Video: ‘Disabled’ benefits cheat caught out on camera

A BENEFITS cheat who claimed he was in so much pain that he couldn’t dress himself properly made daily visits to the gym and was seen loading his car with boxes.

Investigators also saw David Rose, who was claiming Disability Living Allowance, go on long walks with his dog without using a stick, driving a car and going shopping, Ipswich Crown Court was told.

Rose, 49, of Combs Wood Drive, Stowmarket, admitted benefit fraud between January 2007 and October 2009 and was made the subject of an 18-month community order and 18 months supervision.

Sentencing him, Judge Peter Fenn said Rose’s claim for benefit had been genuine at the outset but he had failed to notify the authorities of an improvement in his condition.

Stephanie Dodd, prosecuting, said that when Rose applied for benefits he said he had chronic back pain and arthritis in his knees, which meant he could not carry out basic tasks on his own, such as getting dressed, and relied on his wife to care for him.


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“A surveillance operation was carried out in August 2009 and it was discovered that he could do a lot more than he described,” Miss Dodd said.

She said that Rose had a gym membership since 2006 and would go on a daily basis and use a treadmill for 20 minutes.

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He was also seen going on long dog walks over difficult terrain and up inclines without help and without using a walking stick.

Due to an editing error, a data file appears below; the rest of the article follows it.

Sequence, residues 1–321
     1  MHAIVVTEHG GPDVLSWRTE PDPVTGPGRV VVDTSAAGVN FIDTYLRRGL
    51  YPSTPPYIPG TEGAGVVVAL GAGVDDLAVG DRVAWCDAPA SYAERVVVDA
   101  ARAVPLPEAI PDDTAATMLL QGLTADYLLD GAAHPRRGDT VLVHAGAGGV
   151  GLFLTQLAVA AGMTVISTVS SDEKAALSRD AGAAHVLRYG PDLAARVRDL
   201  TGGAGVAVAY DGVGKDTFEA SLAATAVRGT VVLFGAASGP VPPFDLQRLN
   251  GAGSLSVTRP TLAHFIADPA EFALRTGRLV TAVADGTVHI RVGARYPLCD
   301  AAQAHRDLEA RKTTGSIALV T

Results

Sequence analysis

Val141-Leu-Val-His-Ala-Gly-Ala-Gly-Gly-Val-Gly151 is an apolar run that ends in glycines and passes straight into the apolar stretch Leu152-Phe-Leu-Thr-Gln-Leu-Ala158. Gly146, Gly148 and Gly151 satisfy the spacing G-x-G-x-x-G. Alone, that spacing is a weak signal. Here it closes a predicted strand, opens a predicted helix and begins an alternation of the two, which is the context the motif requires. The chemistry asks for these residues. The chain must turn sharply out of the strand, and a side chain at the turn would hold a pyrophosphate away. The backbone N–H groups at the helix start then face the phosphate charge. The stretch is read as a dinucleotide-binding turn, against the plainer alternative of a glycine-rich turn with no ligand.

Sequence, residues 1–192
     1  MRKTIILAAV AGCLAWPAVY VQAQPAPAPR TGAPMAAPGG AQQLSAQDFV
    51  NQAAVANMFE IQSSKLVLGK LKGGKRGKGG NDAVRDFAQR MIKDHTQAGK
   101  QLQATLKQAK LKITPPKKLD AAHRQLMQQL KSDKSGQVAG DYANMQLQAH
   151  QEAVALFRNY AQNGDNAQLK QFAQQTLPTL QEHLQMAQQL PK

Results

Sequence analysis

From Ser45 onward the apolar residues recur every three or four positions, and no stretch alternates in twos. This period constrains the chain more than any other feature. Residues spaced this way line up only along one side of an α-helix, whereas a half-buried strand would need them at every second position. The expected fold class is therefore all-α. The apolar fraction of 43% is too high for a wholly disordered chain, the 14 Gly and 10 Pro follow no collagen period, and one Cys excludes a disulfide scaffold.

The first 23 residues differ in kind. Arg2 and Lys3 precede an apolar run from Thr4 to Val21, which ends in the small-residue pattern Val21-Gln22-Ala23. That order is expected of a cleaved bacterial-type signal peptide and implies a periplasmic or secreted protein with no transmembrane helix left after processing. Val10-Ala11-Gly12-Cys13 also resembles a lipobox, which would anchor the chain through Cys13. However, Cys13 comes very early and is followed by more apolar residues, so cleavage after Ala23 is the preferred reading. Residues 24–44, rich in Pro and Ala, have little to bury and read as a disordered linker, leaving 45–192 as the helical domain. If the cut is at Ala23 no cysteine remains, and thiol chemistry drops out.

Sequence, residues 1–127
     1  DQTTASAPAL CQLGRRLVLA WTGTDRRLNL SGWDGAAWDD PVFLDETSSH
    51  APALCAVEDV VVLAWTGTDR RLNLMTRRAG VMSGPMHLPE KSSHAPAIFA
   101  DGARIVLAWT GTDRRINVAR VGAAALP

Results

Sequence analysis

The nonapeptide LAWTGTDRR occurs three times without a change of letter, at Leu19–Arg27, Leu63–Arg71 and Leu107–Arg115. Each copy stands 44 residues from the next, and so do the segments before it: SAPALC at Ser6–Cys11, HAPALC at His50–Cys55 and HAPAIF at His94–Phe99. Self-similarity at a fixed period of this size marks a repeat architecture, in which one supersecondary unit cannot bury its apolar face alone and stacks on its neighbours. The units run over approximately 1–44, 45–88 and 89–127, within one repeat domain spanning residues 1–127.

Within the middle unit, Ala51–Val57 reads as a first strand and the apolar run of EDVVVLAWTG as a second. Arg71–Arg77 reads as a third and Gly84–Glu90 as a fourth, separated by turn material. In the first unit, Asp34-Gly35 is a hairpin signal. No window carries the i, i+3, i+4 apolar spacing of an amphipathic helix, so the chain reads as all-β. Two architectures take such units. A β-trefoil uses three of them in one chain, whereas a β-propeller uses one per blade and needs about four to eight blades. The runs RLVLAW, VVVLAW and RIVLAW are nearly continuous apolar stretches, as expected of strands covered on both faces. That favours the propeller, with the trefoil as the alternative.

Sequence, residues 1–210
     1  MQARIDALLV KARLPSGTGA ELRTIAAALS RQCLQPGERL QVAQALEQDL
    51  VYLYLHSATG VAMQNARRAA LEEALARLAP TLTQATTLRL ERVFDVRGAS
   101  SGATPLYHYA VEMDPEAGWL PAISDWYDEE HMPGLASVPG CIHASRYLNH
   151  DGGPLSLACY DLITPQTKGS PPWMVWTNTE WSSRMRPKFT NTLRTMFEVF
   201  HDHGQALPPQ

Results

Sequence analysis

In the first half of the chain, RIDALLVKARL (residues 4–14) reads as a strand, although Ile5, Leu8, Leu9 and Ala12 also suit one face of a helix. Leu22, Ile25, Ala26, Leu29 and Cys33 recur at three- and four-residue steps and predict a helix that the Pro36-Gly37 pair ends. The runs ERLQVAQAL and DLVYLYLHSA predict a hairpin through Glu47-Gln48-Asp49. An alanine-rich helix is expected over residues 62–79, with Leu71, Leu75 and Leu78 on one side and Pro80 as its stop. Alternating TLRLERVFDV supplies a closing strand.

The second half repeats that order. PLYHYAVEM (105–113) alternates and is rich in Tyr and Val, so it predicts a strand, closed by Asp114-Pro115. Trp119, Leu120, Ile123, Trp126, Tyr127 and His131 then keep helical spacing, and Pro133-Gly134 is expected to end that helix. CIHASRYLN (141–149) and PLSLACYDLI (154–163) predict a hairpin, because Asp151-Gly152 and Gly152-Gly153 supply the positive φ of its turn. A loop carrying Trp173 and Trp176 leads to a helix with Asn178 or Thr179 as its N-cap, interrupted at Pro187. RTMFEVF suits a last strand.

He was also seen loading and unloading his car to go to car boot sales, driving and shopping.

Miss Dodd said that over a period of more than two years Rose had been overpaid �10,000 in benefits which he was currently repaying at �32 a week from his benefit payments.

She said Rose told investigators he had been advised to go to a gym by his doctor to help his back pain and as a result he had lost eight stone in weight.

Miss Dodd accepted that there had been a time when Rose had medical problems, but said he had not notified the authorities when his condition improved.

Rose could give no explanation for what he had done apart from having financial problems.

Lynne Shirley, for Rose, said her client’s health had deteriorated since the offence and he now walked with a stick and no longer went to the gym.

Commenting on the case, Lord Freud, Minister for Welfare Reform, said: “It is cases like these that show us why welfare reform is needed.

“We have a duty to the taxpayer and our customers to make sure that these vital benefits only go to those who need them.

“Benefit fraud takes money away from the most vulnerable.

“It is a crime and we are committed to stopping it by catching criminals at the front line and making sure our reforms make the benefit system less open to abuse.”

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